transparent DANE assumes no application-specific DANE-related policy,
this seems unlikely.

For example, with SMTP, the SSL library won't be doing MX resolution,
but the security of the MX RRset determines whether DANE applies to
any of the MX hosts.

> - The whole set is running on machine with plain stub-resolver
> without validator.

> Result => It is completely insecure because attacker can use DANE
> for effective man-in-the-middle attack: The crypto library will
> trust to fake TLSA records because attacker send fake TLSA record
> with AD=1.

Your model is too naive.  Crypto libraries should not and won't
set application protocol policy.  MTAs and so on, have lots of
knobs to enable DANE (in Postfix it is NOT on by default), and the
administrator is responsible for making sure the platform is suitably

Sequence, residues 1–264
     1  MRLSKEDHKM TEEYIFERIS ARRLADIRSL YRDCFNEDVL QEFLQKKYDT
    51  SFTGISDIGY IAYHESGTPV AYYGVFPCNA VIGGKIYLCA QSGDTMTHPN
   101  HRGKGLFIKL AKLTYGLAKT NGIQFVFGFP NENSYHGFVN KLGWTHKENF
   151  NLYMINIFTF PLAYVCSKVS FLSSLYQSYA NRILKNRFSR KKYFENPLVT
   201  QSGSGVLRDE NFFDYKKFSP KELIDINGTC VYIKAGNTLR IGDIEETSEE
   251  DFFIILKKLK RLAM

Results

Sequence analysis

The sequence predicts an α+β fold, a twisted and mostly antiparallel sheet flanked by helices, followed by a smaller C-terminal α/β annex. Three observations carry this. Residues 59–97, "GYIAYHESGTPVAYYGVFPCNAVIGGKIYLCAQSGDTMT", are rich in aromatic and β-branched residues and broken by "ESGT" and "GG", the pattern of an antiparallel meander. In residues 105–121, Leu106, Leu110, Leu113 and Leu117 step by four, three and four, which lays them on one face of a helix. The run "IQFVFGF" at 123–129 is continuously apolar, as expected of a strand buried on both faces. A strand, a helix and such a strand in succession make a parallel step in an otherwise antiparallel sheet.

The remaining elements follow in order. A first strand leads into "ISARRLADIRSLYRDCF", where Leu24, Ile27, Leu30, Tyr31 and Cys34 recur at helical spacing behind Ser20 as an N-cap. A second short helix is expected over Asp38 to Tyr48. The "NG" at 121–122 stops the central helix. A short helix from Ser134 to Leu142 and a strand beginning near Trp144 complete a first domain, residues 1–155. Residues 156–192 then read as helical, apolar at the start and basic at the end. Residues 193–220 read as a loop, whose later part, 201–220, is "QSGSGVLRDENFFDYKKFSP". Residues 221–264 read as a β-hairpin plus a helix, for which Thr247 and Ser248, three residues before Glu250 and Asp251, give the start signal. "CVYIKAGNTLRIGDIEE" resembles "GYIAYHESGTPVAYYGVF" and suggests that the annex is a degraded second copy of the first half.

configured before relying on DANE.

> One opinion is 'use a new shiny API for DNS and do not hack existing
> resolver APIs' and the other option is to 'do validation yourself'.
> I'm afraid that this do not belong to category 'temporary solution'.

Postfix does neither.  The administrator sets up a trusted recursor
and then enables DANE.  DANE support in interactive applications
operated on multi-user machines by non-administrators may need to
know whether the stub resolver is trustworthy.  This requires
a new predicate in resolv.conf (or whatever).

> It can take too long to design API, then to develop libraries and
> then *to convince application developers to use this new API*.

Yep, 5-10 year deployment horizons for brand new stuff.

> I definitely agree that old resolver from BIND8 is "not the best"
> but we have to count with existing applications. It is easier to
> push small patches like
> - res_init()
> + res_init_trusted()
> It is *much much* harder to push patches rewriting code related to
> DNS to some completely new library. We want to add DANE support to
> existing applications not only to new ones.

Yes, that's why I am recommending adoption of BSD libresolv, which
is a superset of the traditional libresolv, and offers more of what